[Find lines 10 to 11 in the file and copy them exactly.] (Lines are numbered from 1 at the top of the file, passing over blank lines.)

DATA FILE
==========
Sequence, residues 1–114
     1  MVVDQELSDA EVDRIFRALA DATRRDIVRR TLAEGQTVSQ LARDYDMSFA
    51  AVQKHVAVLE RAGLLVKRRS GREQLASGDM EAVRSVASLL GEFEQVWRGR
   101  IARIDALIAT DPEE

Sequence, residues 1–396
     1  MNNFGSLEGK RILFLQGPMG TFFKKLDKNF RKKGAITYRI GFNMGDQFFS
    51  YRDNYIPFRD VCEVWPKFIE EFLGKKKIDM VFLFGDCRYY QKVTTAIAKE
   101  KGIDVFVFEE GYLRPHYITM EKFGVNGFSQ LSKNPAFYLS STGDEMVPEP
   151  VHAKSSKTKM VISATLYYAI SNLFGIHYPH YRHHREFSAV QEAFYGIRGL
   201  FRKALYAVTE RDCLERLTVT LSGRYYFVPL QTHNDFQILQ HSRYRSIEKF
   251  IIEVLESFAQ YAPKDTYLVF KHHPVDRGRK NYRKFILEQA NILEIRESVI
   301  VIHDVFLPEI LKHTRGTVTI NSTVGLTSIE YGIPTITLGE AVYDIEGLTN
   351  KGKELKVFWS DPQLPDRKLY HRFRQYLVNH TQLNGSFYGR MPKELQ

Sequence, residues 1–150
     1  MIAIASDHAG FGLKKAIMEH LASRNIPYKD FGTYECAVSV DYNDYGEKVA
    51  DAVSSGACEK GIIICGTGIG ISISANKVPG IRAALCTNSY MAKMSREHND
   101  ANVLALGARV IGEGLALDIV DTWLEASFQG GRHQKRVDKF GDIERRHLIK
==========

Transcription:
   201  FRKALYAVTE RDCLERLTVT LSGRYYFVPL QTHNDFQILQ HSRYRSIEKF
   251  IIEVLESFAQ YAPKDTYLVF KHHPVDRGRK NYRKFILEQA NILEIRESVI